Electronic dance music festivals generally include massive crowds (sometimes a hundred thousand or more), never-ending beats, and lots of dancing. You don’t have to dive into the chaos to appreciate the insanity; Felix R. Cid takes you there with his mesmerizing photos of pulsing festivals in X.
Cid traveled the world for two years, attending enormous events in 10 countries on three continents. At home in his New York studio, he splices hundreds of images into a single photo of mass musical bliss. It’s a bit like seeing cells teeming in a Petri dish. Though the perspective is from afar, the feeling of being in the middle of vast horde is palpable, almost claustrophobic. Cid was fascinated by the elbow-to-elbow intimacy.
“I thought it was interesting that in this moment, where young people interact so much through social media that they wanted to then be in these spaces where things are very physical and touchy,” he says.
Cid, 38, grew up in Spain in the 1990s when electronic music was exploding in Europe. He worked in local nightclubs, an experience that prepared him to shoot events like the Movement Electronic Music Festival in Detroit and the Zurich Street Parade, where he bumped against sweaty bodies and dodged spilled beer. His favorite gear was a Canon 5D Mark II and a cheap lens that was easily replaced if lost to the mayhem.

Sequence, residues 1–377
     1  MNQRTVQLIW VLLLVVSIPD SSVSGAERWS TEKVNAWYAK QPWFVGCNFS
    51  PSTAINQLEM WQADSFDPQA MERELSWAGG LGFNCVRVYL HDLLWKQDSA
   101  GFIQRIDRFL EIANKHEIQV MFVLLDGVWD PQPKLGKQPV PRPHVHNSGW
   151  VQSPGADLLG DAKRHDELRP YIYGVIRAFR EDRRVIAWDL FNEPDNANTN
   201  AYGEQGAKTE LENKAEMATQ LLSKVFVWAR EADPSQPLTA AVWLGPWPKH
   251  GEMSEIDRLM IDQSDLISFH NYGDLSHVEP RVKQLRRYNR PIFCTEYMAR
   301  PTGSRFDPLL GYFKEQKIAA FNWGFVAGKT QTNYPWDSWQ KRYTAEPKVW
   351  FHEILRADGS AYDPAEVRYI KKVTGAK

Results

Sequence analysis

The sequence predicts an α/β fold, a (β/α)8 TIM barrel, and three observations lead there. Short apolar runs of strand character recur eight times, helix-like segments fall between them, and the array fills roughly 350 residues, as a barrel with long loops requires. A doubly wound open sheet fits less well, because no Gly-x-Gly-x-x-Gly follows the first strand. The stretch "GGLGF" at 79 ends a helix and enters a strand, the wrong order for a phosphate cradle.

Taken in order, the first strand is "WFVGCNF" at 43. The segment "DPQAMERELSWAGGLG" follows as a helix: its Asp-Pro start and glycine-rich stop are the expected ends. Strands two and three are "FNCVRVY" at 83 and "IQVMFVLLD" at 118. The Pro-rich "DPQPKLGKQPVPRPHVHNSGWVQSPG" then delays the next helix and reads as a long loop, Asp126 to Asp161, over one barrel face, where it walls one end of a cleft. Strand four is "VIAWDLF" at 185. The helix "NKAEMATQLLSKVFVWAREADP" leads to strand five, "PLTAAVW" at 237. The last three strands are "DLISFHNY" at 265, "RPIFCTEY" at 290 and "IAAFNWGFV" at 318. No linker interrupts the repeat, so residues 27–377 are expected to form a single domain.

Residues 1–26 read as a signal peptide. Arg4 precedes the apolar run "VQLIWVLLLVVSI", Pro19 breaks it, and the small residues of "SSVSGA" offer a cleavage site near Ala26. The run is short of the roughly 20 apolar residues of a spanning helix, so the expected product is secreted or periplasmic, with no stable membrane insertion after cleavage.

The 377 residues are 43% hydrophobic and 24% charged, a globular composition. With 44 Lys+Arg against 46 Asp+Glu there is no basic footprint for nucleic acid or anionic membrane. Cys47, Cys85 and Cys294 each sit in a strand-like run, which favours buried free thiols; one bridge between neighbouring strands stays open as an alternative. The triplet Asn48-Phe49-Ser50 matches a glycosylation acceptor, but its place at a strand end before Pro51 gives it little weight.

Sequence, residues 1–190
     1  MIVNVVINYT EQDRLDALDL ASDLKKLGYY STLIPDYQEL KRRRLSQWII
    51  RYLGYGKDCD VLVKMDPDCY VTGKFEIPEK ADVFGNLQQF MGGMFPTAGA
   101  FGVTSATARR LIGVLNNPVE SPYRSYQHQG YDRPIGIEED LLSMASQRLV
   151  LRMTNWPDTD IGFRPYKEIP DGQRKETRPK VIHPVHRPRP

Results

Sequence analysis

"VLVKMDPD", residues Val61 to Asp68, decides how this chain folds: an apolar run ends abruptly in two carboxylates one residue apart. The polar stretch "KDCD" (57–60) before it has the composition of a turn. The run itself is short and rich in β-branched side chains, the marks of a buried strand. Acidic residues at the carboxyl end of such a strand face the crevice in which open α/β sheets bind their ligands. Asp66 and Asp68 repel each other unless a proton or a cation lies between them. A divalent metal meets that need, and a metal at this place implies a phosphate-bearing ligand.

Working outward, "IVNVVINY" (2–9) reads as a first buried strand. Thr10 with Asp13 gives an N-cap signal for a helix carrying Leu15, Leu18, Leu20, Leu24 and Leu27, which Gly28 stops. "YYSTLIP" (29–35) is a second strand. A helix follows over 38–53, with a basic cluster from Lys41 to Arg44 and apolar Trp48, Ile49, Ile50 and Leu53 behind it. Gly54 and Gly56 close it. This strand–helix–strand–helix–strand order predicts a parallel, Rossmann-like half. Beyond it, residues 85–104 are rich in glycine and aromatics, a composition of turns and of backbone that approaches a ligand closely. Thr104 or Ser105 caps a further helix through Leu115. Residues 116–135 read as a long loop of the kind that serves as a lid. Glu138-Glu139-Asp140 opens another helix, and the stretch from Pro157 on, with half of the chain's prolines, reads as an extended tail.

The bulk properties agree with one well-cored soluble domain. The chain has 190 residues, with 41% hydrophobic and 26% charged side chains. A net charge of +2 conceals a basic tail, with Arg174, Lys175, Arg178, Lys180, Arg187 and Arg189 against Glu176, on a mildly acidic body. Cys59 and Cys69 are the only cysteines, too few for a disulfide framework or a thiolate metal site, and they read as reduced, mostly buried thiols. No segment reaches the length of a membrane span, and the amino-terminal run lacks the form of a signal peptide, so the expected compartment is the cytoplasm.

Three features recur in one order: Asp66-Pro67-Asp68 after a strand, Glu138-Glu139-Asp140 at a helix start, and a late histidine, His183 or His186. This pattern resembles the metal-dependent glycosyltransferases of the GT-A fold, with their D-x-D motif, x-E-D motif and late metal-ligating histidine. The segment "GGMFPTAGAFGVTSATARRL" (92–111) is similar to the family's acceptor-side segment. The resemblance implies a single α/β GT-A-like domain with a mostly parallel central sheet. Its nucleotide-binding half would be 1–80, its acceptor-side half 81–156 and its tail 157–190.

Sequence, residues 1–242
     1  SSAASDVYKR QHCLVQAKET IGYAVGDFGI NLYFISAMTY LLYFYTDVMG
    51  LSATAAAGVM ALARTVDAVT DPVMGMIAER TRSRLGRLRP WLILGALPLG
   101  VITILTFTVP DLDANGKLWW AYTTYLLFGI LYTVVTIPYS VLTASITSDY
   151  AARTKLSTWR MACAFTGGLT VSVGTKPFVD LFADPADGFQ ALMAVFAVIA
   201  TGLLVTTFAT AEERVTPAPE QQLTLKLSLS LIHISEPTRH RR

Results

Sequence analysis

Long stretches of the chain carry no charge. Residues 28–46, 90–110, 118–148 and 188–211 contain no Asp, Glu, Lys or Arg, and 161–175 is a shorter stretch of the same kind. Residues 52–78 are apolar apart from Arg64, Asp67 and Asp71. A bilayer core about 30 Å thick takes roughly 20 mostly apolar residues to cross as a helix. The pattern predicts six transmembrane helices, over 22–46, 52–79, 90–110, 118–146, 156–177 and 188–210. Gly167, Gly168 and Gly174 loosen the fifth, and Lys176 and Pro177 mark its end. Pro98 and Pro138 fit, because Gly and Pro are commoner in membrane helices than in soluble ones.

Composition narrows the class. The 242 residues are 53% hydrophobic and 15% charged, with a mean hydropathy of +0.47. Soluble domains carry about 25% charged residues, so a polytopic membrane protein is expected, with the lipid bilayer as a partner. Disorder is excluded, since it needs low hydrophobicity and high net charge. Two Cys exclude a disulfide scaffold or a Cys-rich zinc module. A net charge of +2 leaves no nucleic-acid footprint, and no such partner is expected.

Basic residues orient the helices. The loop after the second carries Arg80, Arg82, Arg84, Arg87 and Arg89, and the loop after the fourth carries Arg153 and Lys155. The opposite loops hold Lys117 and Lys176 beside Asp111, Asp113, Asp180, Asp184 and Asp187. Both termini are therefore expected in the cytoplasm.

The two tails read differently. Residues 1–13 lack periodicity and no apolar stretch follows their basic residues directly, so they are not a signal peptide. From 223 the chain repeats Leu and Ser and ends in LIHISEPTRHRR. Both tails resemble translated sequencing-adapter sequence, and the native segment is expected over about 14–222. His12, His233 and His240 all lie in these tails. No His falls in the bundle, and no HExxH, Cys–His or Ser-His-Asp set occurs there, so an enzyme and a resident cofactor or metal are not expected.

The photographer always sought high ground, where he could more easily shoot into the crowd and get candid photos. As soon as someone posed for the camera, he moved along. “If you’re in an environment with 50,000 kids who are completely high on adrenaline, whenever they see a camera, they want to be noticed, and as soon as I’m noticed I move somewhere else,” he says. “It has to be organic.”
Each print is a mashup of some 600 photos from various locations (only a few prints show a single event). Cid would cut out groups and start grafting them together in Photoshop based on similar light quality or distance. He didn’t care about the layers blending perfectly, so you can see where different images meet. “If you showed this to any professional retoucher they would probably have a heart attack,” he jokes.
X—a reference to multiplication and ecstasy, among other things—is printed large, sometimes as big as eight feet tall. While most images are now displayed digitally, Cid wanted something tangible and it works. In his massive prints, you can pick out minuscule details, from screaming faces to navel piercings. “I wanted to have a clear reason for making a print,” he says.
Over time, Cid liked how his photos captured the intoxicating mood of the festival scene, not the reality. It’s more about getting lost in the experience than anything else. “[The dancers] are after a sort of parallel reality,” says Cid. “And what I’m trying to do in my work as well. There’s an accumulation of experiences that creates its own parallel reality.”